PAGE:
Missing the bid

Discussion in 'Order Execution' started by Sam Mcgee, May 5, 2002.

  1. Most of my experience has been with long term trades where I'll try to buy a stock at the bid or just slightly above the bid. I find that this doesn't work very well for short term trades when trying to buy a stock on a breakout. Most times the bid will keep rising and get away from me. Would I be better off giving up trying to save the spread and just placing a market order?

    Thank you in advance for your help,
  2. If the price is really moving in a single direction, it seems that you would have to give up picking your price and just jump on board with the market order. By the time you cancel one limit order and enter a new higher one. the market will can you in the dust.

    I had a similar case with trying to catch a price as it dropped while selling. By time I caught the price (over the counter stock with no market trading) I was lucky to cover my trading fees.
  3. nitro


    So much of trading is common sense.

    If you try to buy on the bid and sell on the offer, you are essentially playing market maker on a stock. Good luck playing that game on Listed stocks, specially ones that have more than a million shares a day traded and have a reasonable range during the day.

    Momemtum (mo) players (again I am talking listed) will "lift" the offer when buying, or "whack" ("hit") the bid when selling (assuming no uptick rule or have a bullet/conversion on the stock) If you think about it, this makes sense - why would you ever want to get filled when the mo of the stock is going against your trade (in your case, where you are plaing market maker) ?

    When playing momemtum, trade with the trend, take offers and whack bids. There are then many variations on this strategy once you get it...To give the analogy with chess, this is the "one move" combination. The Grandmasters of trading play this tactic for multiple move "combinations."

  4. BSAM


    I'll assume you're talking about daytrading in liquid stocks.
    Long answer: Hell yes.
    Short answer: Yes.:cool:

    2002 "Breakouts"?.....Be careful!!!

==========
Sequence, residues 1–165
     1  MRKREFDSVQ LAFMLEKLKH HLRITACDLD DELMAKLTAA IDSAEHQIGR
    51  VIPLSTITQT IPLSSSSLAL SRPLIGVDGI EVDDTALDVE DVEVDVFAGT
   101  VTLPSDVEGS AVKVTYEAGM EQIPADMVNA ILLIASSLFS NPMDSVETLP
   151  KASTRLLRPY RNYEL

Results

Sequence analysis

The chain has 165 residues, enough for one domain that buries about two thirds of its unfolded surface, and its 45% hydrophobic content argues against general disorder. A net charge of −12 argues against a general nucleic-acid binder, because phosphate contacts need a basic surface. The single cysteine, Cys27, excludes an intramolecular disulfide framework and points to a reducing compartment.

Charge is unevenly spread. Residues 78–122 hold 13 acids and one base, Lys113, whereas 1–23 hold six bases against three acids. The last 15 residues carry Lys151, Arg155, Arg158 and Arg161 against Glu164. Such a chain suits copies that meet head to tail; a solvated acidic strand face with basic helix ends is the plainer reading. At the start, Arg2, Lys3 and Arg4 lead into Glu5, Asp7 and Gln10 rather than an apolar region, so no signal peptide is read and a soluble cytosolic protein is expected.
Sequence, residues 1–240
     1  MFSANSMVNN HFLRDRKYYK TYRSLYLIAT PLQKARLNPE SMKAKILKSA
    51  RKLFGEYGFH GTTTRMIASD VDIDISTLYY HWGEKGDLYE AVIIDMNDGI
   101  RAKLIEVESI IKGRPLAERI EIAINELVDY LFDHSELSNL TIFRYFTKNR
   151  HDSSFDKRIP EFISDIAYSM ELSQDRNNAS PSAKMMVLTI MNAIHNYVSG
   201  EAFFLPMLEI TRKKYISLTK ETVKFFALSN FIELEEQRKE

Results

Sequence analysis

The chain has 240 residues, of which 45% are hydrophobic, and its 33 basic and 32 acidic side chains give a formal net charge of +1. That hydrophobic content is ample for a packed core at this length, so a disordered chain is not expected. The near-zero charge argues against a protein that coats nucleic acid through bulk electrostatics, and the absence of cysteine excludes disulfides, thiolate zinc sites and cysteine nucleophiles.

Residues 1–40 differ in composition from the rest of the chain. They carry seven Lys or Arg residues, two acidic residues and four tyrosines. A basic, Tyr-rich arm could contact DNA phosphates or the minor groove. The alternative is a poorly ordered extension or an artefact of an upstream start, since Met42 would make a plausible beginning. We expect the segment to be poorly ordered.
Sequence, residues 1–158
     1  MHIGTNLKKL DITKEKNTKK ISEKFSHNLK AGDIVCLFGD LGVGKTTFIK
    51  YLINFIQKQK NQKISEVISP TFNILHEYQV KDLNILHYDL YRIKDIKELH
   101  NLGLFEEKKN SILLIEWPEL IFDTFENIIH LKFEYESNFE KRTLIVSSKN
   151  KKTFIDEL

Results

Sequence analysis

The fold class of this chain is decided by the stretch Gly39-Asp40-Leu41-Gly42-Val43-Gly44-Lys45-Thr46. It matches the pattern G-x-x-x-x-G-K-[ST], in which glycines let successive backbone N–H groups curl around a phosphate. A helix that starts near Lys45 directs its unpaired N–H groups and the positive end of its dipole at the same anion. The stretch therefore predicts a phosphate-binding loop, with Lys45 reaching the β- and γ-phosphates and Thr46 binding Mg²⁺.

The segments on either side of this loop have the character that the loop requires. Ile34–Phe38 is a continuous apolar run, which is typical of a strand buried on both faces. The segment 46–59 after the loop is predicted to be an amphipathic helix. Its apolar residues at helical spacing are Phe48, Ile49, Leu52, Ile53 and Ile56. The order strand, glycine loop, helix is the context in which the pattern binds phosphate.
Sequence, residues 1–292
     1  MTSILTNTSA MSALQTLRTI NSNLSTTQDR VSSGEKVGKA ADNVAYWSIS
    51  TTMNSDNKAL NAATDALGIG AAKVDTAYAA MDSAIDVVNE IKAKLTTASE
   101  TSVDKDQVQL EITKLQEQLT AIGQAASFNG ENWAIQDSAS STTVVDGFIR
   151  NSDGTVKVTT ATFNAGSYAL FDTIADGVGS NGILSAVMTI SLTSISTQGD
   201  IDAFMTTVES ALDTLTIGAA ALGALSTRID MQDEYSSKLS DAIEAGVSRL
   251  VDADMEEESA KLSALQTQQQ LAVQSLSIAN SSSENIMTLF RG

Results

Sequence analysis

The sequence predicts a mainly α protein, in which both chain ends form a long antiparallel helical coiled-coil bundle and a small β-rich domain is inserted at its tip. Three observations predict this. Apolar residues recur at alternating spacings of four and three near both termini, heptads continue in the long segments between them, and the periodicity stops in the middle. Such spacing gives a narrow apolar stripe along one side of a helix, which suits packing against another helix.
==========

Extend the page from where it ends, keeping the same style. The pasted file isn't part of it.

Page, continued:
5. Sam -

    Your results shouldn't be a surprise - think about it a sec.

    Nitro made good points. You're trying to buy into a breakout - a breakout implies a surplus of buyers and that people are buying and paying up for it at the same time you're trying to shave a few cents and buy it at the low end of the spread by merely joining the inside bid rather than taking the inside offer.

    If you're playing liquid stocks and if you're really catching a breakout (a separate discussion), you can still have a chance of getting filled at the bid (although low probability it's a real breakout) but that penny or two you're trying to save is meaningless compared to missing your entry altogether (again, assuming you're catching a real breakout).

    If you're playing illiquid stocks, chances of successfully being filled at the bid when the price begins to move up is almost zero. In fact, you might get concerned if you did get filled at the bid on what you thought was a breakout on an illiquid stock (could mean the MM driving it is playing you).
  6. LMT 25-30 cents above market is better than market , you never know what can happen like delayed execution 1 point higher!
  7. that's the best answer yet. Especially when talking about Naz stocks using ECN's where price improvement is almost a given if available.
  8. Why would anyone getting into a *long* term trade worry about buying at the bid? Maybe if there was a wide spread (over 25 cents or so).

    Otherwise you're just playing games.
  9. First of all, if you are thinking of buying a stock, I wouldn't want the stock if I got filled at the bid or near the bid. Second, if a stock is ripping and you wanted to buy it, (for listed stocks at the exchanges) and the quote is not spread up, the best thing to do is probably enter a buy limit above the offer. If he prints way above, you dont want that stocks at that moment anyway. you might try buying it on a temporary pullback...but, of course,...how do you know that the pullback is temporary? Ahhh...the joys of trading! Its kill or be killed.

    If you're talking about ECN's..thats a different story.
  10. Not only does buying the bid often lead to no fill, but even buying the ask on a limit can backfire sometimes when it is moving quickly. I tend to save a tick here and there by buying the ask on a limit, but tend to miss a few moves that really take off. In these cases I either miss the trade (sometimes good, sometimes bad) or chase the price up with my offer or go at market. Overall I think the slippage evens out on liquid issues with entering a limit buy on the ask and entering at market because of the scenarios listed above but buy at bid is all about playing the wrong game.
    #10     May 5, 2002